I went to the University of Connecticut’s School of Nursing and graduated in 2017. The university offered a few study abroad programs specifically for nursing students. During my junior year I started to investigate university options as well as other travel abroad programs.
I came across Work the World, an organization that specifically caters to students interested in gaining experience in health and medical related fields — they checked all the right boxes including destination and rotation experience in a developing country. I was most interested in Sri Lanka, where some of my relatives had lived in the past.
My first impression of the hospital in Kandy, Sri Lanka, was that it was big, bustling, and very welcoming.
I spent my first week on the labor and delivery ward. The nurses there were so helpful in explaining certain procedures on the unit. Towards the end of the rotation, some of the local nurses took me to their cafeteria. This was outside the hospital grounds near where they lived. They were kind, open-minded, and allowed me the opportunity to connect with hospital staff outside of a hospital environment.
One of the most eye-opening experiences was observing a breech birth delivery. It seemed to be a rare event for the staff. They did not have access to a fetal heart monitor and there weren’t many pain medications available. I appreciated the fact that they encouraged me, a foreign student, to learn from that birth as well as gathering around medical students, nurses, and staff to witness and learn.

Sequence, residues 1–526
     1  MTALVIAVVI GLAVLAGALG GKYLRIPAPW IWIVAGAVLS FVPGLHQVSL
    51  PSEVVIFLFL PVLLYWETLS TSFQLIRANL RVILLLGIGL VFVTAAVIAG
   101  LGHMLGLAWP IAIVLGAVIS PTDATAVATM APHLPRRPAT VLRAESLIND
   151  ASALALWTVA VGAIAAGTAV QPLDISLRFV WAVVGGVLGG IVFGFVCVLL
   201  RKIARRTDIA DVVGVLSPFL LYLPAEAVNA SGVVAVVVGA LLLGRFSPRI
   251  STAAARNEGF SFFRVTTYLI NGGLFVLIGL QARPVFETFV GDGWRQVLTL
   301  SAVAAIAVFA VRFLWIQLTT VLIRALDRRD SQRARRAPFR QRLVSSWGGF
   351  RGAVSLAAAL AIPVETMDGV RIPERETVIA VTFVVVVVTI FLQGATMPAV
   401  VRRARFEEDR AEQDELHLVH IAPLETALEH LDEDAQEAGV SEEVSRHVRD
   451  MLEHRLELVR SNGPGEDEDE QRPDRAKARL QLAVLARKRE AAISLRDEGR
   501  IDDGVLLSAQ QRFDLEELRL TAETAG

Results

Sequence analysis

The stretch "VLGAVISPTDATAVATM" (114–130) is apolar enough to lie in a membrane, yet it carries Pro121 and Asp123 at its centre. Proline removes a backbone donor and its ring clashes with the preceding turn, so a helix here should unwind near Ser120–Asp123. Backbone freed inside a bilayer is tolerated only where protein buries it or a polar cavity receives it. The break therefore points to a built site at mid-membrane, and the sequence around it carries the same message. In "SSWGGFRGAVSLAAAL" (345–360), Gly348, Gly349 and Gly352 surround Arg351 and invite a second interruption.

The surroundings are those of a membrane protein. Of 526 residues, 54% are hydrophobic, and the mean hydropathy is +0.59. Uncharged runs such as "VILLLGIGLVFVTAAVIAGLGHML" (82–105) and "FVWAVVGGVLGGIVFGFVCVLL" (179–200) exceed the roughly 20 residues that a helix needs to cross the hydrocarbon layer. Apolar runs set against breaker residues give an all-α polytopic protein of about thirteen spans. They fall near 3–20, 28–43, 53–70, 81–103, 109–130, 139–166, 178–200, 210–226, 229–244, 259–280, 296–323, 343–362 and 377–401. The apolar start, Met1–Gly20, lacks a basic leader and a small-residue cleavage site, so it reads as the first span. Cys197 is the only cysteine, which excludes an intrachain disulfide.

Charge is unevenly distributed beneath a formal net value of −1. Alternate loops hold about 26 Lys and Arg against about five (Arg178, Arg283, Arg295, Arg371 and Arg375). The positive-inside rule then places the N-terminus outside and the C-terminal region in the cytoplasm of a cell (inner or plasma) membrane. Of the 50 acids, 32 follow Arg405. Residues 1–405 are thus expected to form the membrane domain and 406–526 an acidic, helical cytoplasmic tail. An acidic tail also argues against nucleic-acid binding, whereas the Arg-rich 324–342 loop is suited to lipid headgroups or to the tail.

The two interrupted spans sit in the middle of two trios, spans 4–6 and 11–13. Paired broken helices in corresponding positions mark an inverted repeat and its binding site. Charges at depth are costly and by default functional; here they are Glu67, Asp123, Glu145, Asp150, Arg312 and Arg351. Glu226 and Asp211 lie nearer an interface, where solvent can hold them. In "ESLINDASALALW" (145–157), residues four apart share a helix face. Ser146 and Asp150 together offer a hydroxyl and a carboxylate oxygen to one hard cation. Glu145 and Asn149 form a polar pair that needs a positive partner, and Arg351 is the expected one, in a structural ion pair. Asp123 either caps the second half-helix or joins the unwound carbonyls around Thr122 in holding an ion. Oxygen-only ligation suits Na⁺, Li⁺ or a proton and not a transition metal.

They didn’t use pain meds, so it was particularly eye-opening.
Thanks to living in the Work the World house, I met and became close friends with other medical, nursing, and dentistry students from England, Ireland, France, Scotland, Canada, and the U.S. We traveled together on the weekends and explored the city of Kandy on weekday afternoons.
On average, births were processed with speed, mostly because it seemed that the women were admitted just before they were ready to deliver, and the goal of the unit was to make sure the newborns were safe and healthy before discharge. This hospital in Sri Lanka had a significantly higher patient admission that I was used to.
Living in the Work the World house was where I met and became close friends with other medical, nursing, and dentistry students from England, Ireland, France, Scotland, Canada, and the U.S. After work each day we explored the city of Kandy and learnt about the culture and history of the people and the area. On the weekends we planned trips to other parts of the country.
Ten of us spent a weekend at the beaches in Trincomalee, snorkeling and swimming in the Indian Ocean. I spent another weekend in Ella where we took the famous train journey through historic tea plantations.
We then hiked Little Adams Peak and Worlds End. On another weekend we travelled to Colombo — the capital of Sri Lanka — where we explored the bustling city.
I returned to the USA after 5 weeks and approached my senior year with a global perspective of the different aspects of healthcare.
I was 20 when I went abroad to Sri Lanka. I learned so much from the hospital and staff but also from my housemates - students from around the world who shared their ideas in health care. It expanded my horizons and I learned how to be independent and welcome the challenges of the unknown. I overcame language barriers, examined alternative techniques for patient care, and embraced a diverse and culturally rich environment.
I’m now 24. I work and live in New York City as a Trauma Surgical ICU nurse. I look back on the experience I had in Sri Lanka with appreciation and fond memories and encourage any health care related student who is looking for an adventure to seriously consider a trip like this!